An interesting Adobe rumor

Think Secret reports, if that’s what you call what a rumor site does, that Adobe is planning to release a Mac version of Production Studio 2 sometime during the second half of 2007.

This would mean that not only is Premiere returning to the Mac, but Encore’s DVD authoring and Audition’s audio sweetening and mixing would be ported as well. On the After Effects mailing list, Chris Meyer cited that the time is right for Adobe to strike. Adobe would be entering Apple’s new hardware cycle early, and would be able to market against Apple effectively as Apple now only sells Final Cut Pro as part of a suite of tools. (Although I can’t imagine any getting too worked up over having to buy Motion, DVD Studio Pro, and Soundtrack for only $300 over the previous stand alone price of FCP.)

I think it’s a great idea. Adobe’s in the perfect position to go toe to toe with Apple. The Production Studio Premium currently sells for $1,699. That’s only $400 more than the Final Cut Pro Studio. For that $400 the customer gets full versions of Photoshop and Illustrator. FCP offers not paint or illustration options.

Some comparisons of the remaining tools in the bundles…

Final Cut Pro vs. Premiere Pro: I personally think Adobe blew it with the professional community by failing to drop the Premiere name when it released Premiere Pro 1.0. It’s a great name, but it had baggage – enough to keep it off a Cape Air flight. As an NLE it’s very, very good. I can pretty much do anything Final Cut Pro can, though FCP’s media management is superior. Team Premiere Pro with Matrox’s Axio hardware and you’ve got a kickin’ system. If this rumor is true, editors should hope Matrox goes along for the ride.

DVD Studio Pro vs. Encore: I can’t comment on this intelligently because my DVD authoring requirements are so basic that anything more sophisticated than iDVD works for me. I have to say I like Adobe’s menu templates better, but I’ll defer to Philip Hodgetts of the Digital Production Buzz. He prefers DVD Studio Pro and believes it’s an all-around superior authoring environment.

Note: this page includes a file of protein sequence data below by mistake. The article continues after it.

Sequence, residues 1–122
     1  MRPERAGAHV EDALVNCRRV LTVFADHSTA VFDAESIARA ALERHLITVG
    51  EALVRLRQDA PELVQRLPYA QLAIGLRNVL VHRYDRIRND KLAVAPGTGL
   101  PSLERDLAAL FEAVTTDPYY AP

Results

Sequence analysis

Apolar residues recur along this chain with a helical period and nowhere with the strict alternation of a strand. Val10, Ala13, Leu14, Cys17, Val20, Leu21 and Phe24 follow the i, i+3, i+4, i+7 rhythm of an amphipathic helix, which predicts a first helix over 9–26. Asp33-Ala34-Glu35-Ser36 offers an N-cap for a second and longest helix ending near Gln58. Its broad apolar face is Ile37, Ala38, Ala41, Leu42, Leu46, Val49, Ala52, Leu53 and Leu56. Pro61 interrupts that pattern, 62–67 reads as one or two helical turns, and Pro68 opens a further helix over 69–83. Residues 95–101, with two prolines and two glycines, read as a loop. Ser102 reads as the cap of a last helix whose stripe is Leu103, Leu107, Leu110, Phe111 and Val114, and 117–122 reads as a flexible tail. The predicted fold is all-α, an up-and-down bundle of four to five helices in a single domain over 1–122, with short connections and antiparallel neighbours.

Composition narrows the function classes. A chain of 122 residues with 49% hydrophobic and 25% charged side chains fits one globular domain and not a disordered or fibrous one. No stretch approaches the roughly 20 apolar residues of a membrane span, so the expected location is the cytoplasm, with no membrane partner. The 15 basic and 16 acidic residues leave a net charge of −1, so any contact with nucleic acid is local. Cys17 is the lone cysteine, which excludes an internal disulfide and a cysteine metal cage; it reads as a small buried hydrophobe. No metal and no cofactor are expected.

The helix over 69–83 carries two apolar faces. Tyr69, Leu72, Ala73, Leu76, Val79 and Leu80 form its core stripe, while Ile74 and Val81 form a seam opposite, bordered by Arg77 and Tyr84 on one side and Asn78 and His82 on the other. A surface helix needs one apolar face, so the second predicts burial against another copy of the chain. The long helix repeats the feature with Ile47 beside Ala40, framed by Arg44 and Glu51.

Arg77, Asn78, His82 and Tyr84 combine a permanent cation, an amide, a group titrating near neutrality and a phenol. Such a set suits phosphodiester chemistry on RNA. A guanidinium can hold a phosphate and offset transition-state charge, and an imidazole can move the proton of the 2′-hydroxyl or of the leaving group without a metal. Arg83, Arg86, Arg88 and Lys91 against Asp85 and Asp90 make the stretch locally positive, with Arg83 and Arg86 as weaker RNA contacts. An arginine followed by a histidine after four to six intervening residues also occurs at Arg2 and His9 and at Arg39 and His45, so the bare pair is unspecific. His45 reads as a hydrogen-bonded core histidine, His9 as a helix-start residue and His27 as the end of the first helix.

Motion vs. After Effects: If you have to ask you probably don’t give a lick about motion graphics anyway. With the release of After Effects 7, Adobe trumped the one advantage Motion previously had – a bunch of pre-built motion graphic templates for the motion graphics challenged. Adobe’s templates are more professional looking, easier to edit, and they reside in the vastly superior application. Even After Effect’s standard version (as opposed to the professional version) towers over Motion.

Soundtrack vs. Audition: It’s not even close. Advantage Audition. In fact, Premiere Pro’s built-in audio functionality compares favorably with Soundtrack. Neither’s a ProTools, but Audition is catching up.

And did I mention you get Photoshop and Illustrator? The Production Studio on Windows XP stands up pretty darn well to Apple’s offerings. Put it on OS X and Apple’s going to be feeling the squeeze.

Of course it’s just a rumor, but several Adobe people have asked me what I thought about Apple selling FCP only as part of a bundle. This tells me the video folks never completely took their eye off the Apple video market, and that is a good thing.

3 Thoughts on “An interesting Adobe rumor

  1. Anonymous on April 2, 2006 at 3:32 am said:

    Frank-

    Your comment about Adobe failing to drop the Premiere name when it released Premiere Pro 1.0. was spot on. I haven’t seen it addressed anywhere else. Hopefully Adobe will realize this.

    -John

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  3. Pingback: The TV Weasel :: Premiere Pro goes Mac

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